Music

Goo Goo Dolls Evolve and Raise the Bar with 'Miracle Pill'

Photo: Mark Dellas / Courtesy of BB Gun Press

Goo Goo Dolls evolve their sound and release new music that easily stands alongside the best of their career with Miracle Pill.

Miracle Pill
Goo Goo Dolls

Warner

13 September 2019

Goo Goo Dolls formed in Buffalo, New York in 1986. A trio when they started, the Goo Goo Dolls were a loud, fast, garage punk band at the outset. Bassist Robbie Takac handled the lead vocals and early records were notable for punked-up covers of songs like "(Don't Fear) The Reaper" and "Gimme Shelter". By their third album, the band began their first evolutionary change when guitarist Johnny Rzeznik took over the lead vocal spot. A change in style also occurred, spurred by Rzeznik's exceptional songwriting, that saw the Goo Goo Dolls become more a melodic, mainstream band. This change to an overwhelming period of success centered around their 1998 classic Dizzy Up the Girl.

For the next decade or so Goo Goo Dolls lived off Rzeznik's guitar-driven, sing-a-long melodies and sold millions of records. Following the lukewarm reception to 2010's Something for the Rest of Us, the group began their next evolution. 2013's Magnetic was a hybrid between the heavy guitar sound of the past and a look toward a more modern, sleeker sound that would come to fruition on 2016's exceptional Boxes. Boxes showed the band had little interest in living in their garage rock past and were willing to ride Rzeznik's brilliant songwriting and vision headlong into the future. That future explodes into the now with the release of Miracle Pill, easily a high-water mark of the band's career.

One thing is clear on Miracle Pill, there are very few people that can match Johnny Rzeznik's songwriting talent. Regardless of style, whether it's heavy guitars or synth and drums, a great song is a great song, and the foundation of Miracle Pill is superb songwriting. The record poses a bit of a shock on first listen as sonically it's not the Goo Goo Dolls of "Slide" and "Black Balloon". The songs are driven more by keyboards than guitars, but Rzeznik's penchant for coming up with the perfect sing-a-long chorus always reminds you that this is, in fact, a Goo Goo Dolls record.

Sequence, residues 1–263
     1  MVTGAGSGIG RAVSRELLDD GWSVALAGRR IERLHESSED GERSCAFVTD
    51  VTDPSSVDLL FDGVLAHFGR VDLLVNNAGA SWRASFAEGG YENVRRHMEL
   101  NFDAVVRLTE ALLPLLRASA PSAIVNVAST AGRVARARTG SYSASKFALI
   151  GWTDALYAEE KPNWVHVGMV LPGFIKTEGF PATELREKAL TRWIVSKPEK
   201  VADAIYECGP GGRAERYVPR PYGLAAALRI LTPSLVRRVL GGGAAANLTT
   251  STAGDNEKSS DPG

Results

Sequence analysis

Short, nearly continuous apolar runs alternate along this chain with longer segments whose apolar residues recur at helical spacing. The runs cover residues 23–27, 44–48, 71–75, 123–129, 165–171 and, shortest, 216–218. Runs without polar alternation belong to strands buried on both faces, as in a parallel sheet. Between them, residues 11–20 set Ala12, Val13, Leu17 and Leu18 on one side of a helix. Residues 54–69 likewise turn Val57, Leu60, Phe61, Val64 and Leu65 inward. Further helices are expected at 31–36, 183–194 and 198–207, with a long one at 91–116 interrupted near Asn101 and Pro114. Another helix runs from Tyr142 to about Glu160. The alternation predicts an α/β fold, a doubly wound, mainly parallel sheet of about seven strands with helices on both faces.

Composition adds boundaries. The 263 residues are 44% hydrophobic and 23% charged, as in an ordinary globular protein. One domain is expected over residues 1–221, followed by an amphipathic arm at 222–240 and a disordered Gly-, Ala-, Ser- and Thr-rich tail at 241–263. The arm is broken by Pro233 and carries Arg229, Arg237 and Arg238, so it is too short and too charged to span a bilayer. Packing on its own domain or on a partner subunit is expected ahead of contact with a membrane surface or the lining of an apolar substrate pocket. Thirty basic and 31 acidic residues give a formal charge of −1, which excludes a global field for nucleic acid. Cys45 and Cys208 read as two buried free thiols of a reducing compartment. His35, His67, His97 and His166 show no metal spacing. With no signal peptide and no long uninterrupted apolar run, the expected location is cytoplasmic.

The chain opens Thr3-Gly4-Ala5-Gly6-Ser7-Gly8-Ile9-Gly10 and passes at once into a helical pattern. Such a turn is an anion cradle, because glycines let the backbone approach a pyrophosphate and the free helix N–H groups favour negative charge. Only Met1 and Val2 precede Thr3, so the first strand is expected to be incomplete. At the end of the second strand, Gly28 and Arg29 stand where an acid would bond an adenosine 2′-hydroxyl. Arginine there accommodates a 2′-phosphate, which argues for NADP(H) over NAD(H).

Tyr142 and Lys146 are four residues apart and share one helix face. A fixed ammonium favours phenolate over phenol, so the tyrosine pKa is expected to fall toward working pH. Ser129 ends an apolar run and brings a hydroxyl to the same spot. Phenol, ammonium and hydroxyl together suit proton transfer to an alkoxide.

As with Boxes, lyrically Miracle Pill is a very personal record, and the band have done a superb job with the running order of the tracks. The first part of the record contains the anthems, songs like "Indestructible", "Fearless", and "Miracle Pill" with their big choruses that are designed to get the listener engaged in what's to come. The second part contains the more reflective songs like "Over You", "Lights" and, one of the highlights of the record, "Lost". Miracle Pill is meant to be listened to as a whole, as the themes and sounds of each song build into the next.

Of course, no Goo Goo Dolls record is complete without Robbie Takac's songs. Here he has two, "Step in Line" and "Life's a Message" and both rank among his best contributions to any Goo Goo Dolls record. He sounds in great voice, and both songs are fun, upbeat tracks. Miracle Pill draws to a close with possibly two of its strongest tracks. The sublime, beautiful "Autumn Leaves" and "Think It Over", a throw-back to the more traditional Goo Goo Dolls sound.

Goo Goo Dolls are a band that seldom look back and continually try to move forward. While their contemporaries are usually satisfied with touring their hits and avoiding new music, Rzeznik and Takac continue to push the envelope, evolve their sound and release vital new music that easily stands alongside the best of their career.

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